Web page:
For rising UNC sophomore Luisa Peñaflor, daily photos of her cat and phone calls from her parents kept her grounded when she started college.
Julia Contreras, Peñaflor’s mother, said that she would text pictures of the cat every day to Peñaflor to assure her that everything was taken care of at home and she could focus on her schoolwork.
Along with photos of her cat, the family created a phone call schedule to best communicate while Peñaflor was on campus.
“Keep it consistent,” Peñaflor said. “Have a lot of communication between how much is too much. I know some parents calling twice a day might be too much for some people, while for some it might be too little.”
Adjusting to life at UNC
Though caring for a student from a distance looks different for each family, psychology and neuroscience professor Andrea Hussong also suggested creating a communication schedule depending on what times work best for everyone.
In addition, Hussong suggested that parents develop an emotional radar to determine if communication needs to be increased. She said that some students might experience adjustment issues as they begin college or might need more support due to mental health concerns.
“If you're getting feedback from your child or you're getting feedback from their friends that things are not going so well, then I think stepping up communication is absolutely appropriate,” Hussong said. “Not to come in and save the day, but to help them.”
Incoming first-years and parents of UNC students have faced new challenges due to the pandemic.
The COVID-19 experience has presented skewed ways of learning and life, Hussong said, but many students have been able to develop valuable experiences and skills.
“They have the skills that they need to go forward,” she said. “And the parents’ job at this point is to support them in using those skills and in having a growth mindset with their kids, and when it doesn't work out — what they can take away.”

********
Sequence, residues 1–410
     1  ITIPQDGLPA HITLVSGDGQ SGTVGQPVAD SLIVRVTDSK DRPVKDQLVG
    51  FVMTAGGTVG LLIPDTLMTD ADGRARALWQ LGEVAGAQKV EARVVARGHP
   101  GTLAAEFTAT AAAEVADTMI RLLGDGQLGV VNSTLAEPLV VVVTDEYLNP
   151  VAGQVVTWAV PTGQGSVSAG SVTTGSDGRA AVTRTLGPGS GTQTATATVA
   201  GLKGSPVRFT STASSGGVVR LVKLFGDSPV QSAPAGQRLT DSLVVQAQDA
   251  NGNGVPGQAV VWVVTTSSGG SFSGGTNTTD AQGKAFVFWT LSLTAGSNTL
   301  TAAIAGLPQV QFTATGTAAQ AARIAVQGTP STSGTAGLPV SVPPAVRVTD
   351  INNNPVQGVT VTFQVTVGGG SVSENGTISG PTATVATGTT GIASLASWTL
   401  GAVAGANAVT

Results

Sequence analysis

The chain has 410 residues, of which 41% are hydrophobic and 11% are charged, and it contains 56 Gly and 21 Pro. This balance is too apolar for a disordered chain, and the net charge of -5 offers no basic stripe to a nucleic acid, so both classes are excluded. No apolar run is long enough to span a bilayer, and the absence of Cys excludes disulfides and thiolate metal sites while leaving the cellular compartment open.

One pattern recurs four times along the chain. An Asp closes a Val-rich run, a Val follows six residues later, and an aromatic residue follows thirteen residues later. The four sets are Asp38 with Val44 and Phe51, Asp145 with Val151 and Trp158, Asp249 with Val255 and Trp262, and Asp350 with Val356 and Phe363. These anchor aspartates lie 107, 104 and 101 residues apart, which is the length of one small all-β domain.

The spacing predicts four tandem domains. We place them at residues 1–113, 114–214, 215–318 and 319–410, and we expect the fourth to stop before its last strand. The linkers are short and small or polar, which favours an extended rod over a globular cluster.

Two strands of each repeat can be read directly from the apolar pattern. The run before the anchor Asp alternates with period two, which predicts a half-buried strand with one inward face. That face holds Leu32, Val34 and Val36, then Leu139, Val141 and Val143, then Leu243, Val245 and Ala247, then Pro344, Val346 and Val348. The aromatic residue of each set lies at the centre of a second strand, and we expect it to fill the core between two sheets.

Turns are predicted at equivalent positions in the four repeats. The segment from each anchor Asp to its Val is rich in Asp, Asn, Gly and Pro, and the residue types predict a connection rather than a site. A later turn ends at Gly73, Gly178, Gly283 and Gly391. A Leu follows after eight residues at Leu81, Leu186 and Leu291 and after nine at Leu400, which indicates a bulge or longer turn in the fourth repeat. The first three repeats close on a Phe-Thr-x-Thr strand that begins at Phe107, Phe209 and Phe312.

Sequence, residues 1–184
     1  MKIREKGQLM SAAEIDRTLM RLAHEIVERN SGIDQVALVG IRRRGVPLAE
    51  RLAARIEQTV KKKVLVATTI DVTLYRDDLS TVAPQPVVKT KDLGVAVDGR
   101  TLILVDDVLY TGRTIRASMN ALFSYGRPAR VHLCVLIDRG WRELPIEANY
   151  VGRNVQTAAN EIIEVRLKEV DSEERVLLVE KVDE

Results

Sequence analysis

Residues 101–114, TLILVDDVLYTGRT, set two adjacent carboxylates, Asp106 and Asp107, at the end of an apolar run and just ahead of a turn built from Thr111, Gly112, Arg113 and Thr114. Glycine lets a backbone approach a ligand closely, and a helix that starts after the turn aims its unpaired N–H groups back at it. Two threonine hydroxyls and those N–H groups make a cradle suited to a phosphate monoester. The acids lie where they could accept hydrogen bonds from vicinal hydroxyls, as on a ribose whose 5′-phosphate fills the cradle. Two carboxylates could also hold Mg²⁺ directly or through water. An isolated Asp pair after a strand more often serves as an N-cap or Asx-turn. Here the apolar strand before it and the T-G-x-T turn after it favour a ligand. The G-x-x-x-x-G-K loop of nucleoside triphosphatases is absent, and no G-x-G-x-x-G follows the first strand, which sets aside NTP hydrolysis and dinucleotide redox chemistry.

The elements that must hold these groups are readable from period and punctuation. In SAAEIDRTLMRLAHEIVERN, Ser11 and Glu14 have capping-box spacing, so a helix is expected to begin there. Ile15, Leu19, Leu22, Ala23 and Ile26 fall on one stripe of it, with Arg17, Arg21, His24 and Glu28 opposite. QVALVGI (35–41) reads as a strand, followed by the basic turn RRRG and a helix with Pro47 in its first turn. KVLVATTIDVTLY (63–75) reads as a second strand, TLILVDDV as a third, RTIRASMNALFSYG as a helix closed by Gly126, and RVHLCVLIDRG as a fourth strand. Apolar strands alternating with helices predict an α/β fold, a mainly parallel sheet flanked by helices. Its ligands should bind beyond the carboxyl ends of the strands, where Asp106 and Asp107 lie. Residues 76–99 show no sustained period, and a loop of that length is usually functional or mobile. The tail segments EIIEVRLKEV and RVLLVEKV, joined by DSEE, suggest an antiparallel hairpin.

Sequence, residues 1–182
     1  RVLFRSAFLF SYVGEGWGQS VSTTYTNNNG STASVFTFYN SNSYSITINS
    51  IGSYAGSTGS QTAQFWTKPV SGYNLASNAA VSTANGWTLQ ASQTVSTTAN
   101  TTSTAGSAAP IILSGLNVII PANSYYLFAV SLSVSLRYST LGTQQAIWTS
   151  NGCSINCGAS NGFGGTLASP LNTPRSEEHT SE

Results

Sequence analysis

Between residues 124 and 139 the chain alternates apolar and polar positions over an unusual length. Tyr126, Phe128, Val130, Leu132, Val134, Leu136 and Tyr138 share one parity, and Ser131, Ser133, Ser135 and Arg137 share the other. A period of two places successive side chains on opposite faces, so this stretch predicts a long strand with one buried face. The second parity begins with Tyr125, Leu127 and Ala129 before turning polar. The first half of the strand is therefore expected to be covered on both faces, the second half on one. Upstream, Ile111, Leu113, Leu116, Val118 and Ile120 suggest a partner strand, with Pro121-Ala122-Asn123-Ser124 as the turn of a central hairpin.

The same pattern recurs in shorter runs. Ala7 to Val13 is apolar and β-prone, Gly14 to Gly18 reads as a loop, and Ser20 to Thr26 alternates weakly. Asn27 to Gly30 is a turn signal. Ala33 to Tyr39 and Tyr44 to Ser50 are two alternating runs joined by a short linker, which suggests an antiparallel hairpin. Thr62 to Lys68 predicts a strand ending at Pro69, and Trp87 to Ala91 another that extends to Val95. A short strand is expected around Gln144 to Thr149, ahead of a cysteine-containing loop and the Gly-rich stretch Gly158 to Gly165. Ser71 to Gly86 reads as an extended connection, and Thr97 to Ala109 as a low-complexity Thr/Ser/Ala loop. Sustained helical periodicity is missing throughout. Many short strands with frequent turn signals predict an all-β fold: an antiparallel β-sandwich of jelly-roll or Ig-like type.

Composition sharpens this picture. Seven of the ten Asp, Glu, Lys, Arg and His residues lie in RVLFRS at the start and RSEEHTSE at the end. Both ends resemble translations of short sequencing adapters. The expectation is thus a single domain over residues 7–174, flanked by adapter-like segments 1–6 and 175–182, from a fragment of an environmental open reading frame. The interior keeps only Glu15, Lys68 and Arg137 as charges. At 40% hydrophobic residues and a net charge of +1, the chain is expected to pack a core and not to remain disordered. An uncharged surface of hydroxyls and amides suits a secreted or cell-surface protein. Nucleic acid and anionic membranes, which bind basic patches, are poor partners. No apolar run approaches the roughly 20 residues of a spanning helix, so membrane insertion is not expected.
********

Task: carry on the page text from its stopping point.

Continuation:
Every communication schedule and family situation will look different, but Contreras advises first-year students' guardians to always pick up the phone.
“Feel proud of your kids,” she said. “Don't be sad — it’s the course of life. They have to go out and study and get their own life and if they call you, be there. Never say you’re too busy or anything. Be there whatever time they call, no matter what.”
University resources for parents and guardians
The University offers a variety of programs, meetings and events that serve as resources to aid in the process of caring for students from a distance, according to UNC Media Relations.
New Student & Family Programs is available to any parent, guardian or family member of a UNC undergraduate student who is interested in having extended communication with the University.
The NSFP has created the Carolina Family Handbook, which can be found on its website and provides information about campus resources ranging from University Libraries to dining halls.
Family members can stay up to date with campus and University news by signing up for UNC Family Experience. This resource includes personalized newsletters, email alerts, deadline information and more.
The Carolina Parents Council serves as a leadership body for UNC families to represent and the needs of students and families, according to its description. The council works to create positive and efficient communication between the UNC and University families.
Families also have the opportunity to participate in the Carolina Family Weekend. It is an annual event for family members to see the Tar Heel experience first-hand.
This fall, the celebration will be held Friday, Oct. 7 through Sunday, Oct. 9 and will include a meeting with University leadership, on and off-campus festivities, a football watch party and more. The weekend will kick off with a meeting hosted by the Carolina Parents Council.
A more detailed schedule will be released in early July, according to the NSFP website, and registration for the event will open in late summer.
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